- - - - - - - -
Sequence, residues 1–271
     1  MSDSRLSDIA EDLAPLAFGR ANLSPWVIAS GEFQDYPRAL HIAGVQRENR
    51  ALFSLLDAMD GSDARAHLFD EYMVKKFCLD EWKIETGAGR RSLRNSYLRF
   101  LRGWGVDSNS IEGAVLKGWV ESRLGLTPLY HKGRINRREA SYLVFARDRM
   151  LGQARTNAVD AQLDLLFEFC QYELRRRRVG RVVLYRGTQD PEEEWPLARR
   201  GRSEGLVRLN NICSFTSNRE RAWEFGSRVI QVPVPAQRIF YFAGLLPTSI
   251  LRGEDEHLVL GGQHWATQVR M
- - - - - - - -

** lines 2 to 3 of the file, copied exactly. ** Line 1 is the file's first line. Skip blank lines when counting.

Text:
     1  MSDSRLSDIA EDLAPLAFGR ANLSPWVIAS GEFQDYPRAL HIAGVQRENR
    51  ALFSLLDAMD GSDARAHLFD EYMVKKFCLD EWKIETGAGR RSLRNSYLRF